New Diesel Engine Powered by Ethanol

ClearFlame Engines Can Cut Diesel Emissions Burning Straight Ethanol

Todd Neeley
By  Todd Neeley , DTN Staff Reporter
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ClearFlame Engines co-founders B.J. Johnson and Julie Blumreiter have developed a diesel engine that can burn straight ethanol. (Photo courtesy of Argonne National Laboratory)

HOUSTON (DTN) -- When ClearFlame Engines CEO B.J. Johnson told ethanol industry representatives about the potential ethanol market for the company's all-ethanol diesel engine, those at the recent National Ethanol Conference in Houston could have kissed him.

While concerns continue about the future of the Renewable Fuel Standard and whether the EPA will provide a 15-billion-gallon market for ethanol in light of small-refinery exemptions, Johnson said even an optimistic 20% market penetration into the $231 billion heavy-duty diesel market would in itself create 15 billion gallons of demand for ethanol per year.

"Ethanol burns more efficient than diesel," Johnson said.

"Why has it not happened? Ethanol is considered a gasoline additive. The solution? Get ethanol to burn in a diesel application. We're able to get a diesel engine to burn ethanol. We take the diesel engine design and implement it into a high-temperature combustion system.

"We're not fundamentally changing the design. No one has to give up the diesel-engine design. This is running on straight ethanol."

The reason ethanol's application in diesel engines hasn't happened is because the performance and simplicity of the diesel engine is tied to its dirty emissions, Johnson said.

But cleaner alternatives like spark ignition lack the performance required in many heavy-duty applications. ClearFlame's engine, Johnson said, is the only option to provide both high performance and low emissions.

The engine, still in the demonstration phase of development, can run on 98% ethanol straight off the rack or even on E85 so long as the fuel is close to 85% ethanol.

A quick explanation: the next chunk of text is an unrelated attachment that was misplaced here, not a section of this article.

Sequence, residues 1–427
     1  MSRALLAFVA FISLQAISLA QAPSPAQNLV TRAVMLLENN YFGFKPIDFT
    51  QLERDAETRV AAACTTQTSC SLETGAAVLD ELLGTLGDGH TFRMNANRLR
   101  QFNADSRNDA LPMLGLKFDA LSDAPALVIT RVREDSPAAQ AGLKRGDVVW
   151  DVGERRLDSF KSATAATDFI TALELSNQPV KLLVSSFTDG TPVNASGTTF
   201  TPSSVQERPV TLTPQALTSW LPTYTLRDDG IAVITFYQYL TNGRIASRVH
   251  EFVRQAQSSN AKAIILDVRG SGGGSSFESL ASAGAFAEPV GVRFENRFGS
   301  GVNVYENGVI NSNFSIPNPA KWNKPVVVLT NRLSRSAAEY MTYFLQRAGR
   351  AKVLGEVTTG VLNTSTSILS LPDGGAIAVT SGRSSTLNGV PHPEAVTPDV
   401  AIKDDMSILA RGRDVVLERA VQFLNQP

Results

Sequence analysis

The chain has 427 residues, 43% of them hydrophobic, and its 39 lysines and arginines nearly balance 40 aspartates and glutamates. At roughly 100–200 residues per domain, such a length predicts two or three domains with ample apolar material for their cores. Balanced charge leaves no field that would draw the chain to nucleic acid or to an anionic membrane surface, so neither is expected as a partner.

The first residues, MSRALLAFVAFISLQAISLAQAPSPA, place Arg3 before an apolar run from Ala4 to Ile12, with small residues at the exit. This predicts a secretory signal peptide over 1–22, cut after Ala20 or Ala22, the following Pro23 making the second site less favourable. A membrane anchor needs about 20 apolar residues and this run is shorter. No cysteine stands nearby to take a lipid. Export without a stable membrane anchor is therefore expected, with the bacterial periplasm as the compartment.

ClearFlame is working with Cummins Inc. and Argonne National Laboratory to develop the technology. Johnson said diesel fleets would have the potential to achieve a 40% reduction in carbon emissions and a $45,000 cost savings.

All the while, the ClearFlame engine has 30% more torque than engines running on diesel.

"Demand for diesel fuel is not going anywhere for decades," Johnson said.

"Ethanol's economic benefits are clear compared to diesel. Complicated emissions from diesel require after-treatment systems just to be compliant."

The diesel sector spends about $3.3 billion in after-treatment each year. Using ethanol in a diesel engine could save the sector $2.5 billion in after-treatment costs, Johnson said.

Although gasoline demand is expected to decrease in the next 20 years, he said demand for diesel is expected to remain high. In addition, he said the price of ethanol is expected to remain low relative to diesel prices for decades to come.

Johnson said the technology could help the ethanol industry gain even greater access to markets in states like California, which plans aggressive measures to reduce smog-producing emissions by as much as 90% in years to come. In addition, the technology can dramatically reduce soot emissions.

The ClearFlame engine is the only diesel engine that would meet California regulations on reductions in nitrous oxide emissions, Johnson said, and ethanol would help the state accomplish that goal.

Johnson pointed the case of truck and engine manufacturer Navistar. The company had control of 77% of the diesel-engine market until 2009.

"Navistar failed to meet 2010 emissions regulations and as a result they saw their market share plummet by 96%," he said.

"This demonstrates the existential threat that emissions regulations pose to diesel engine manufacturers."

One of the biggest hurdles in gaining market access is educating the public about how ethanol can be used in ClearFlame's technology, he said.

The company has about two to three years of demonstrations to complete, starting in 2021. Johnson said ClearFlame plans to scale up the technology in 2026 or 2027 and hopes to sign a license agreement with an engine manufacturer.

Johnson and co-founder and Chief Technology Officer Julie Blumreiter are graduates of Stanford University, and started ClearFlame based on work from their dissertations. The Chicago-based company received $25,000 in seed money from Ag Startup Engine at Iowa State University Research Park in 2019.

Johnson and Blumreiter have been participating in Chain Reactions Innovations, an entrepreneur program with the U.S. Department of Energy at Argonne National Laboratory.

The company has received several small business research grants totaling nearly $2 million.

Todd Neeley can be reached at

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( SK/CZ)

Todd Neeley

Todd Neeley
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